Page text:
Deciphering the (dress) code
|By IVAN RACONTEUR|
Dress codes can be both controversial and difficult to understand.
Proponents say they are necessary to promote a professional image.
Opponents question whether it is better to be a well-dressed hack, or a scruffy genius.
More radical types might suggest that dress codes are just one more way for The Man to try to crush the spirit of the workers.
By enforcing dress and grooming codes, employers can squash individuality, thus making it easier to control the proletariat.
As much as I dislike any form of forced conformity, I do support dress codes in certain circumstances.
For example, if I am forking over a year’s salary for a visit to the hospital, I do not expect to find my surgeon clad in ripped jeans and a wife-beater T-shirt.
I expect him to wear some presentable trousers, a nice shirt, and a pristine white coat.
If I wake up from the anesthesia to find someone coming at me with a scalpel, I want reassurance that the knife-wielder has good intentions.
In the unhappy event that I should land in court some day as a participant, rather than a chronicler of the proceedings, I expect my attorney to wear a conservative (and preferably expensive) suit, rather than sandals and a cabana shirt.
Some things should never be allowed anywhere, and this includes Spandex.
Nearly everyone looks bad in Spandex. Stretchy, form-fitting fabrics only work for a very small segment of the population.
It should be illegal to sell these garments in sizes larger than about 2.
Lest anyone jump to the conclusion that I am being unkind, let me make it clear that I suggest this purely in the interest of public safety.
As a case in point, I once worked with a fairly large woman who absolutely loved Spandex.
She must have had a whole closet full of the stuff, in every color and pattern under the sun.
Her co-workers lived in constant fear.
It was not just the fact that her appearance resembled a sack full of doorknobs, and provided more than the requisite amount of information.
There was widespread fear that if the seams ever let go, we would all be killed in the resulting explosion of pent-up flesh.
Another fashion faux pas is baggy, shapeless britches that expose most of a guy’s drawers.
This was never a good look, and fortunately, it seems to be dying out without requiring legislation.
There are circumstances where a particular mode of dress is appropriate, but, one might question whether dress codes make sense for the average office worker.
I have put in my time wearing a choker (necktie) and other business attire, but times have changed, and I like to think we are more enlightened today.
Most people are more productive when they are comfortably dressed, and, for many of us, comfort equals casual.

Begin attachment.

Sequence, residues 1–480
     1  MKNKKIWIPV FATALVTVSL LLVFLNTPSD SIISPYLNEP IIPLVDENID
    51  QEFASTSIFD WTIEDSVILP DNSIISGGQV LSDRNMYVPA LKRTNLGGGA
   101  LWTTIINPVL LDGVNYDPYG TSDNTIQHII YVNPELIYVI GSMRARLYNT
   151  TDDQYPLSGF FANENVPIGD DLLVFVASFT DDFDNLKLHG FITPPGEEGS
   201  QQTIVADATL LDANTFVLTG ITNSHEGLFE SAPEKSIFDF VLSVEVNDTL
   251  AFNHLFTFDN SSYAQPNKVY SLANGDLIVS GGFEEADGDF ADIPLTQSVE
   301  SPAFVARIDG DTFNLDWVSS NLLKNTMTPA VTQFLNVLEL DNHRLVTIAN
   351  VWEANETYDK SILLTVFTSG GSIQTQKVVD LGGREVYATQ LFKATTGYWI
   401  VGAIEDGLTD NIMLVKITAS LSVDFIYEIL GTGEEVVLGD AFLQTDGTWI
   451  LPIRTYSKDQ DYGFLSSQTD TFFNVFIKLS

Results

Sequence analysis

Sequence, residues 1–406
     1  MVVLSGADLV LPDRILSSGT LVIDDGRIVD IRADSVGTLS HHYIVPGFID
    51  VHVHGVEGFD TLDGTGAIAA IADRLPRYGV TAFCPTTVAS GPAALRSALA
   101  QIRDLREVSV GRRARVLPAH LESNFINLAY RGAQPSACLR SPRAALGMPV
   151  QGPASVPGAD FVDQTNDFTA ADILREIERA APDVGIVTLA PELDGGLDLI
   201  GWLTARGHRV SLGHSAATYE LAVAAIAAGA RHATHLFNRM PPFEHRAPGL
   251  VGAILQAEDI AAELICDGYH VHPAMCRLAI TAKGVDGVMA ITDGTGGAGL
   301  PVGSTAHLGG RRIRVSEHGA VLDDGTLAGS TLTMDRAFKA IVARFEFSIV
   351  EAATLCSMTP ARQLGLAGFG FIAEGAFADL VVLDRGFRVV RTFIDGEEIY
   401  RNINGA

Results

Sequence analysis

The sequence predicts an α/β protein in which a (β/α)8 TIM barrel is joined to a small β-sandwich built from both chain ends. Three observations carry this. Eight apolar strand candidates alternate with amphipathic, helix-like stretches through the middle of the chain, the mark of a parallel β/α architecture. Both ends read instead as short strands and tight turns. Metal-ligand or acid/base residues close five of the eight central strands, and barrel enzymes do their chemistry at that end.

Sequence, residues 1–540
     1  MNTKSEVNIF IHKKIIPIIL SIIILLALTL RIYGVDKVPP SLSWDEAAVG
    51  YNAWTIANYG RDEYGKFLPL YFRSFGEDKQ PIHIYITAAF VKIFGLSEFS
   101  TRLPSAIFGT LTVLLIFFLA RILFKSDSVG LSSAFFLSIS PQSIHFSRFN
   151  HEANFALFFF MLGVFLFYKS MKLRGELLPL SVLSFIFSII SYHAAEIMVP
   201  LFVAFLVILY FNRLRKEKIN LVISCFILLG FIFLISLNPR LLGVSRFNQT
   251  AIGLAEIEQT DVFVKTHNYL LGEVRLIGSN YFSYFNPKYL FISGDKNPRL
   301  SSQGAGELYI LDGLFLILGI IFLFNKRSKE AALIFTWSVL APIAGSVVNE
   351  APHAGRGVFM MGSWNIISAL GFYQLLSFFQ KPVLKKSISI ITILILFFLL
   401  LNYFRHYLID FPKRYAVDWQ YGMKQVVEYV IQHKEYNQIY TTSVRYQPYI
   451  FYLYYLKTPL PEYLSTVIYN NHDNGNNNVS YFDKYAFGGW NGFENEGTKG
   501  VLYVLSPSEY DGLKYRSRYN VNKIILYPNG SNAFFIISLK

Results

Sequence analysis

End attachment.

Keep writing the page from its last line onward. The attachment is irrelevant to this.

I am not suggesting that sweat pants and bedroom slippers are appropriate for the office, but other casual clothing may be.
It is difficult to understand why so many people want to ban jeans from the workplace.
In my case, wearing Dockers instead of denims won’t do much to make me a better writer, and I suspect this would apply to artists, designers, and other creative types as well.
Jeans are durable and practical in a wide range of situations.
On any given day, I might be found tiptoeing (carefully) through a pasture, slogging through the mud at a wastewater treatment plant, visiting local businesses, and covering meetings at city hall, and jeans adapt well to all of these situations.
Jeans can look fairly sharp if paired with a nice shirt, and possibly even a sport coat.
Some dress codes dictate the types of shoes that are acceptable, and ban some styles including those with open toes.
This makes sense in a factory setting, and perhaps in certain medical or food service applications, but not in an office.
Most women’s shoes look uncomfortable and impractical, but unless a woman’s job description involves a lot of running, or she is trying out for the place kicker position on the office football team, I can’t see how it makes the slightest difference if her shoes are open or if they are not.
Other topics covered by dress codes include tattoos and facial hair.
Several years ago, I interviewed a woman for a purchasing assistant position.
During the interview, she asked if the company dress code allowed tattoos.
The question surprised me. She had an excellent resume, and was well-qualified for the position.
As far as I was concerned, she could have had horns and a pointy tail as long as she could get the job done. I certainly wasn’t concerned about a tattoo.
I have never understood the no facial hair rule either.
I can’t quite see how being clean-shaven would make me more professional. I believe having chin whiskers actually makes me more productive, because rubbing them gives me inspiration when I am searching for a word.
I do understand why some employers implement dress codes.
Employers are concerned about customers, and, sadly, some customers are just more comfortable when everyone looks the same.
It is unfortunate that the focus for some people is on appearances rather than on results.
If I believed that dressing up would improve my work, I would dig my tux out of mothballs in a minute, but I am just not convinced that this would improve my job performance.
It seems that the job we do should be more important than the way we look while we are doing it.
There are some very slippery scoundrels roaming around in Armani suits, and some solid citizens that look like something that was dragged in by a cat. We need to look beyond the clothes to find the substance of the person.
Forcing cube-dwellers to adopt a certain mode of dress simply to conform to an artificial notion of what is appropriate just doesn’t make sense.
When it comes to dress codes, we would do well to borrow some wisdom from a fashion fad of the 80s and relax.